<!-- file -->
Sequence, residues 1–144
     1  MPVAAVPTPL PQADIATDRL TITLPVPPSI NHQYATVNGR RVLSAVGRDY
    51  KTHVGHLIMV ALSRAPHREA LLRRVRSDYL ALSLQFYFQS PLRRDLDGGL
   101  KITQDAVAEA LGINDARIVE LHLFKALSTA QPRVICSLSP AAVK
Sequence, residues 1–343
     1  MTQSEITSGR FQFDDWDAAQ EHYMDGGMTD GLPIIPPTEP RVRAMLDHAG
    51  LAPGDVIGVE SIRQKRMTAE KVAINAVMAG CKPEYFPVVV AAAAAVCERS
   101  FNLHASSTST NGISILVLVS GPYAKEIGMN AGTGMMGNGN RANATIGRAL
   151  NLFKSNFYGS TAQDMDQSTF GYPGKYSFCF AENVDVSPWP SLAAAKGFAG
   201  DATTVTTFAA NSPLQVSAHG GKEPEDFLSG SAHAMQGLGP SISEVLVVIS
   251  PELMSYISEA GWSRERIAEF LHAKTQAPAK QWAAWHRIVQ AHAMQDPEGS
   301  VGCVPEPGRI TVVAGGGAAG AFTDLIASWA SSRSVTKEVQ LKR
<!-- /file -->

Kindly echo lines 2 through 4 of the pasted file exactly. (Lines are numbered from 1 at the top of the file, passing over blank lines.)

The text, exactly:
     1  MPVAAVPTPL PQADIATDRL TITLPVPPSI NHQYATVNGR RVLSAVGRDY
    51  KTHVGHLIMV ALSRAPHREA LLRRVRSDYL ALSLQFYFQS PLRRDLDGGL
   101  KITQDAVAEA LGINDARIVE LHLFKALSTA QPRVICSLSP AAVK